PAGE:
The Personalized/Precision Medicine Blog
Syapse has been a constant presence in the precision medicine industry, and has recently furthered its involvement in oncology through a partnership with Henry Ford Health Systems. Henry Ford Health System, one of the largest national integrated health systems, will provide cancer outcomes data to Syapse. In return, Syapse will use this data in its software platform, which will enable faster, global learning gained from real-world experiences. Through this agreement, there will be a launch of an oncology precision medicine program, with the hope of providing precision medicine to patients in the greater Midwest.
Jonathan Hirsch, president and founder of Syapse, will be highlighting his company’s efforts at revolutionizing precision cancer care at the 8th Annual Personalized and Precision Medicine Conference. To learn more information, visit: http://personalizedmedicinepartnerships.com/.
In the next few months, Henry Ford Health System will launch the Syapse Precision Medicine Platform software across its cancer care facilities, including the new $10 million destination cancer center in Detroit. Both companies are optimistic that this partnership will advance innovative cancer clinical care, especially for patients in the Midwest. Jonathan Hirsch stated, “We believe that precision medicine will be a core enabling technology for health systems to transform to value-based care.” For more information on this partnership, visit: http://syapse.com/blog/henry-ford-press-release-june-2016/.
Researchers at the University of California, San Diego have discovered proof of concept in determining whether a drug will produce adverse side effects based on assessing blood samples. This predictive model predicts how variations in an individual’s genetic backgrounds will affect how the drug is metabolized, and therefore if a side effect is probable.
This UCSD study focused specifically on red blood cells, as they are the simplest human cells. The study was conducted amongst 24 individuals to determine why some individuals experience side effects from ribavirin, a drug used to treat hepatitis C, and others did not. It was discovered that a side effect of ribavirin is that it can cause anemia, or a decrease in red blood cell levels, which occurred in around 8 to 10 percent of patients.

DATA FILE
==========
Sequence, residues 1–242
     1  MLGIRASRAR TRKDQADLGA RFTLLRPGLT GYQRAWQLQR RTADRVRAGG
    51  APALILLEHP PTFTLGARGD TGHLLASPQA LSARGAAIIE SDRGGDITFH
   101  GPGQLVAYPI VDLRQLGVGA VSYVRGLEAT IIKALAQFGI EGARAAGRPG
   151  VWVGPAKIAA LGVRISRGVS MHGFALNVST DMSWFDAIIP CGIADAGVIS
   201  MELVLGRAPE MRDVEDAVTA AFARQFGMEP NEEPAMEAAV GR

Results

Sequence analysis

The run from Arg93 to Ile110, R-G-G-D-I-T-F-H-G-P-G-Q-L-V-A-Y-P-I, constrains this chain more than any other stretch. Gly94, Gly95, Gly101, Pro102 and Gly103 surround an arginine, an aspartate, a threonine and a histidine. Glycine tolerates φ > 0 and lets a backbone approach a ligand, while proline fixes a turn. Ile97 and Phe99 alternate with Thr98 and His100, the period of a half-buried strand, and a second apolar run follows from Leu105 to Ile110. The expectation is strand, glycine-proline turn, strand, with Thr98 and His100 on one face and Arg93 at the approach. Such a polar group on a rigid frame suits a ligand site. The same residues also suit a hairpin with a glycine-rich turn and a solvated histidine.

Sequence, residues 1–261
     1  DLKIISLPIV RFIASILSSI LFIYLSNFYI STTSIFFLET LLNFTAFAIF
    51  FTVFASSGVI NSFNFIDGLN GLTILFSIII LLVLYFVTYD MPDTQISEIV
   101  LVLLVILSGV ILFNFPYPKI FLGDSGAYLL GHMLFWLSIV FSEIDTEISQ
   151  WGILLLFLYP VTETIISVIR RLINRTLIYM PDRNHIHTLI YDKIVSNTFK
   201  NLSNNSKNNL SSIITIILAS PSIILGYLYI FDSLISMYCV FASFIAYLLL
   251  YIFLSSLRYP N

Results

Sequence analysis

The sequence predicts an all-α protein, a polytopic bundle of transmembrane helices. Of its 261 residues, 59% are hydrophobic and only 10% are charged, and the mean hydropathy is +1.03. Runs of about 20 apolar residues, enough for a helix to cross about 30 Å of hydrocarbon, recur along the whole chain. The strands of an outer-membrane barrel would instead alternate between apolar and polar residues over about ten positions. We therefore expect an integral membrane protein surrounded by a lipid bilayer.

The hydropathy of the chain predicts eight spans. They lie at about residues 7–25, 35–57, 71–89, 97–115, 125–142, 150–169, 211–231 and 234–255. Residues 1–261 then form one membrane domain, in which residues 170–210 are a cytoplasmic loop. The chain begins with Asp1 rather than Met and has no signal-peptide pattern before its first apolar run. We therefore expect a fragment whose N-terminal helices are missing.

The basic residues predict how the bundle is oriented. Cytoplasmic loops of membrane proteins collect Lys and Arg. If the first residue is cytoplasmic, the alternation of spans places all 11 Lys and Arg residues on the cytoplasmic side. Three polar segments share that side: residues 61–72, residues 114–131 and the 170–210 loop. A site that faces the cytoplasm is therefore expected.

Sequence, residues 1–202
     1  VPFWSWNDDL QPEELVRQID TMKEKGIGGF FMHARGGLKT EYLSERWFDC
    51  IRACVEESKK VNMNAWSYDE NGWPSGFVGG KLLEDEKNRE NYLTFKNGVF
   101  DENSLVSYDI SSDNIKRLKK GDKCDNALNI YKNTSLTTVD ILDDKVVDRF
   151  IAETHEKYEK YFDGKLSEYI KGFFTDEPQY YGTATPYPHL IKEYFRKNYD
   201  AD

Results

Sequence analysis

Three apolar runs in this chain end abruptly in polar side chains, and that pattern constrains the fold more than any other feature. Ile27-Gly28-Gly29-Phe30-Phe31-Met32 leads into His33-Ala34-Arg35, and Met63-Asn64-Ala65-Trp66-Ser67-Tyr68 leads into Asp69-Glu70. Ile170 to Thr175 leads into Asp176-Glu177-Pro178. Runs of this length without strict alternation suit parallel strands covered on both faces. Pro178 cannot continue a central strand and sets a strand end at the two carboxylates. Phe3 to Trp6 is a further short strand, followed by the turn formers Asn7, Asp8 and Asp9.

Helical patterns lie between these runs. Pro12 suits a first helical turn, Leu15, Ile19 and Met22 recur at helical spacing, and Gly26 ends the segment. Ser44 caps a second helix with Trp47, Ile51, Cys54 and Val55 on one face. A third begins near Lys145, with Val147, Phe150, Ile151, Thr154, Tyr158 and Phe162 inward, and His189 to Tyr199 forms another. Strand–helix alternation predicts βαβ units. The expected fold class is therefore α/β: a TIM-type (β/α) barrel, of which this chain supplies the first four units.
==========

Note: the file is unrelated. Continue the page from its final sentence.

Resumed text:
“A goal of our predictive model is to pinpoint specific regions in the red blood cell that might increase susceptibility to this side effect and predict what will potentially happen to any particular patient on this drug over time,” said UC San Diego alumnus Aarash Bordbar, who was part of the research team as a Ph.D. student.
Aarash Bordbar will be presenting this research at the 8th Annual Personalized & Precision Medicine Conference, taking place on October 12-13, 2016 in San Francisco, CA. For more information about conference, visit: http://personalizedmedicinepartnerships.com/.
By predicting how variations in patients’ genes impact how they metabolize the drug, pharmaceutical companies could soon have the ability to conduct predictive screenings before beginning clinical trials. Therefore, this model has the potential to revolutionize what is known about the variance in metabolizing drugs.
In the future, the UCSD research team strives to develop a predictive model for platelet cells, which are vastly more complex than red blood cells, as well as a predictive liver cell model. As this organ is where the majority of drugs are metabolized, and where many drug side effects are manifested, this finding would be revolutionary to pharmaceutical companies in clinical trials. To learn more about this study, visit: http://bit.ly/20oo7rp.